During this time, the cast and crew was incredibly approachable. Mick Garris hung out at the table where I was standing so I had a chance to talk to him about the actors who shared the graveyard scene with me. He took the opportunity to praise his supporting cast and told me that a wonderful Toronto-based actress by the name of Deborah Graham played Rogette to perfection. It was a cool little moment and I have to thank him for being so accessible.
I shared another encounter with one of the crew members only moments later. While I was waiting for the next summons back to our places, I found myself standing by a table laden with books about World War II. One book in particular, about tanks from that era, really caught my eye. As I lifted the front cover I heard this:
"Zat vas my grand-fazza's tank."
I look up to see a trim gent, 40-ish, with long graying hair and a goatee who was wearing a brown hat, red checked shirt and some sort of black equipment harness. He gestured to the illustration of the mean-looking armored vehicle on the front of the book.
"Oh, wow, really?" I said. "What kind of tank is it? Panzer IV or...?"
"No," he replied (or perhaps it was "Nein!"). He flipped to the page which identified the tank. "It's a Tiger."
The coach driver I'd befriended earlier jumped into the conversation, rattling off Rain Man-like details about the tank's specifications.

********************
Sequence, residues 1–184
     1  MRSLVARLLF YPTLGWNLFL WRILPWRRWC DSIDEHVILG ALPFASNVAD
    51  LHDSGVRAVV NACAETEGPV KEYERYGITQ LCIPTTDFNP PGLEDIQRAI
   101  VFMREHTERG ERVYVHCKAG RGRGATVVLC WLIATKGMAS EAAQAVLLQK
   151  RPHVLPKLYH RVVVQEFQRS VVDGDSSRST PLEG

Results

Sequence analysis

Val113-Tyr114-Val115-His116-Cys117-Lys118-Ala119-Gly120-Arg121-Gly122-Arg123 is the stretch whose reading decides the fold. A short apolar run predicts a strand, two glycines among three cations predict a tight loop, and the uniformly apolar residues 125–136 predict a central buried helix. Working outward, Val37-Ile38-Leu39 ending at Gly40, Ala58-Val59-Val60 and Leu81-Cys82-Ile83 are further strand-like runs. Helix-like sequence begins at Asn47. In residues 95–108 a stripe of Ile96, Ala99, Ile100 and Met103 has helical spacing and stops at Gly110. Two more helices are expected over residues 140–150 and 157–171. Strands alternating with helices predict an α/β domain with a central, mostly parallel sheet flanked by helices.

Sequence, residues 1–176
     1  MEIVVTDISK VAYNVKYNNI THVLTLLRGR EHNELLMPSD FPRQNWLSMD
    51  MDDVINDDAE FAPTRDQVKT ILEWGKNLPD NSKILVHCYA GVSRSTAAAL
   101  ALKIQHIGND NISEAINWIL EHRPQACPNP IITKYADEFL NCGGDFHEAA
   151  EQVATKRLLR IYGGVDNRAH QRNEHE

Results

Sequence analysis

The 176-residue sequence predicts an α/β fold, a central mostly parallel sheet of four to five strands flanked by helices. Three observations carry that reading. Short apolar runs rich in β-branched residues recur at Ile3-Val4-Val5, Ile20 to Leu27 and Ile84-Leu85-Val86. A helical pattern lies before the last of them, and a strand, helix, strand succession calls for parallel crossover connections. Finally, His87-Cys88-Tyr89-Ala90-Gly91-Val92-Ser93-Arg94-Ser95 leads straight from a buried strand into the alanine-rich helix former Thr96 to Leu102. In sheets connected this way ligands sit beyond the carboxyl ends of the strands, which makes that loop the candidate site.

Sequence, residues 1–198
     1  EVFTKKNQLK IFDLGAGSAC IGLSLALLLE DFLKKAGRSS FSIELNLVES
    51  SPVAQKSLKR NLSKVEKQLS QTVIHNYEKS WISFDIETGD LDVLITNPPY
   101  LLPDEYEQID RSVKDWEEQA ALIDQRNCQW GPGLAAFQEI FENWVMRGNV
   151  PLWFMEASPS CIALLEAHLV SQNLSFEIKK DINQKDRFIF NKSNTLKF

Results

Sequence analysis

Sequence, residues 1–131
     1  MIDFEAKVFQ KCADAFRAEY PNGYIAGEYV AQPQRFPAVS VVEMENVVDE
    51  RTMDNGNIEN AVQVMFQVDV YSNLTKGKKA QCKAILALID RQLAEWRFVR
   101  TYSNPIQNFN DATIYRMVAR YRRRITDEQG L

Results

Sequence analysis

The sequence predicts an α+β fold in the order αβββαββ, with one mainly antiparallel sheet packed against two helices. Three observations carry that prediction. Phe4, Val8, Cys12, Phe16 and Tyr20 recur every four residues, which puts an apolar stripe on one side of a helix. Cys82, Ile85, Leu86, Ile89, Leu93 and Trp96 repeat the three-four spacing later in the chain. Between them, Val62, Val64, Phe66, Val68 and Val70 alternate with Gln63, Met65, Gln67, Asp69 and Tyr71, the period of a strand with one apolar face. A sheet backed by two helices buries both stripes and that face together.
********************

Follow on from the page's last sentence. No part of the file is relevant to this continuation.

"Panther...Leopard...," the German prop master muttered to himself as he identified each vehicle in turn.
"Amazing machines," I blurted, clearly allergic to the threat of even so much as a second's worth of awkward silence. "Along with the Russian T-34 those were some of the best tanks of the war."
"Ja, very much so" he replied, seconds before being called back to work.
That wasn't my only encounter with the same dude. Later on, when I was totally engrossed in talking to the coach driver, he came up to me again and asked:
"Do you vant your book signed?"
I turned and frowned at him. I couldn't fathom why he would asking me that.
"Sorry?" I asked, sounding painfully obtuse.
"Your book!" he practically shouted. "Do you vant it signed?"
I hefted up the massive tome and blinked at it remotely.
I handed the thing off to him, wondering if it would earn me some kind of bonus scene in which I'm lording the signed copy over my fellow Noonan fans still stuck in the line-up. Regardless, the thought occupied my mind for no more then a millisecond as I went back to the conversation.
Soon he reappeared and handed the book back to me. So engrossed was I in my wanton gabbery that I just accepted it, thanked him and then went on to summarize my discussions forth and final stupid point. Soon we were called back to set and the A.D. quickly coached us as to what our reactions should be to the chaos erupting outside.
While in the lineup with Shannon and Ashley, the topic turned again to our prop books. I opened mine up to show them all the little details that the art department had added to the dust jacket. As soon as she spied the hand-written scrawl on the inside front cover, Ashley shrieked:
"WHAT is THAT!?!"
I stared at the large, flamboyant script inside the book.
"Um, I...I dunno," I replied helpfully. "Looks like some kind of signature."
Everyone within earshot crowded around to try and decipher it. It read (as far as we could determine):